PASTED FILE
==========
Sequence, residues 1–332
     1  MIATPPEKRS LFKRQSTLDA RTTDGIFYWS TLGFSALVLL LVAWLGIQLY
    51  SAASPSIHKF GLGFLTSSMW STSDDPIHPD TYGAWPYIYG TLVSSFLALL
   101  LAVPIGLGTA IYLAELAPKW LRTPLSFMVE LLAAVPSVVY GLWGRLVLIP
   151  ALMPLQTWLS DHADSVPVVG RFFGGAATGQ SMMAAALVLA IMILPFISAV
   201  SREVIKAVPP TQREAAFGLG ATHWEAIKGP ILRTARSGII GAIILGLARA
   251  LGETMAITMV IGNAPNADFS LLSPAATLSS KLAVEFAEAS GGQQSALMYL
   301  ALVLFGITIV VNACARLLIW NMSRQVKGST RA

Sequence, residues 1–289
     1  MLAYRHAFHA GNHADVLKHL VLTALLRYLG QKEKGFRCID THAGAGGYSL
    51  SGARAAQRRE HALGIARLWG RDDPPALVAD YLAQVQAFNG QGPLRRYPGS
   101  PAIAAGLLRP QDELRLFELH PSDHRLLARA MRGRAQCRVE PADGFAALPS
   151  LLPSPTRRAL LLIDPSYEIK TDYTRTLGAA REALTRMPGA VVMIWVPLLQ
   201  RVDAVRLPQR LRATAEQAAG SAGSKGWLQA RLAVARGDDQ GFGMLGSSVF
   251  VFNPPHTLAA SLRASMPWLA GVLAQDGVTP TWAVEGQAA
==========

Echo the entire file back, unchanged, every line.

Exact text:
Sequence, residues 1–332
     1  MIATPPEKRS LFKRQSTLDA RTTDGIFYWS TLGFSALVLL LVAWLGIQLY
    51  SAASPSIHKF GLGFLTSSMW STSDDPIHPD TYGAWPYIYG TLVSSFLALL
   101  LAVPIGLGTA IYLAELAPKW LRTPLSFMVE LLAAVPSVVY GLWGRLVLIP
   151  ALMPLQTWLS DHADSVPVVG RFFGGAATGQ SMMAAALVLA IMILPFISAV
   201  SREVIKAVPP TQREAAFGLG ATHWEAIKGP ILRTARSGII GAIILGLARA
   251  LGETMAITMV IGNAPNADFS LLSPAATLSS KLAVEFAEAS GGQQSALMYL
   301  ALVLFGITIV VNACARLLIW NMSRQVKGST RA

Sequence, residues 1–289
     1  MLAYRHAFHA GNHADVLKHL VLTALLRYLG QKEKGFRCID THAGAGGYSL
    51  SGARAAQRRE HALGIARLWG RDDPPALVAD YLAQVQAFNG QGPLRRYPGS
   101  PAIAAGLLRP QDELRLFELH PSDHRLLARA MRGRAQCRVE PADGFAALPS
   151  LLPSPTRRAL LLIDPSYEIK TDYTRTLGAA REALTRMPGA VVMIWVPLLQ
   201  RVDAVRLPQR LRATAEQAAG SAGSKGWLQA RLAVARGDDQ GFGMLGSSVF
   251  VFNPPHTLAA SLRASMPWLA GVLAQDGVTP TWAVEGQAA